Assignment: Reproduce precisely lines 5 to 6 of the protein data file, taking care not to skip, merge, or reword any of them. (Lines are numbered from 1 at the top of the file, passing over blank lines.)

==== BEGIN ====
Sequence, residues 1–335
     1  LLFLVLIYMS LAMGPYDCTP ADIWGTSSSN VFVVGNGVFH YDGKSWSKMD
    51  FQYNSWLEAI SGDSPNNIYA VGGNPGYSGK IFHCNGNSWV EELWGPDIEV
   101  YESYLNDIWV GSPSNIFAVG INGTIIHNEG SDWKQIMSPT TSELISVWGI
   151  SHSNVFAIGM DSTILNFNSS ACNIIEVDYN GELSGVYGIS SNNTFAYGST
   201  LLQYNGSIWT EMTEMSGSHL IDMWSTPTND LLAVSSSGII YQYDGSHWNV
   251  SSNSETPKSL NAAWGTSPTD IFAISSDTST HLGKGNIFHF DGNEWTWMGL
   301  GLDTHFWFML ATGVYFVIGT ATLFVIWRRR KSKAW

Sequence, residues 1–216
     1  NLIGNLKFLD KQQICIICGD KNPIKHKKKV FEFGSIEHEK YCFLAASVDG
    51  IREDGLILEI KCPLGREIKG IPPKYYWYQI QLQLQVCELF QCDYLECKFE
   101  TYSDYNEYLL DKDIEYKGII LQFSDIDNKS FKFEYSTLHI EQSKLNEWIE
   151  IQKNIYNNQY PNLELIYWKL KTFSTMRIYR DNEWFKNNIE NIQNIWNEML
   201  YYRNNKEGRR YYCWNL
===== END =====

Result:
   151  SHSNVFAIGM DSTILNFNSS ACNIIEVDYN GELSGVYGIS SNNTFAYGST
   201  LLQYNGSIWT EMTEMSGSHL IDMWSTPTND LLAVSSSGII YQYDGSHWNV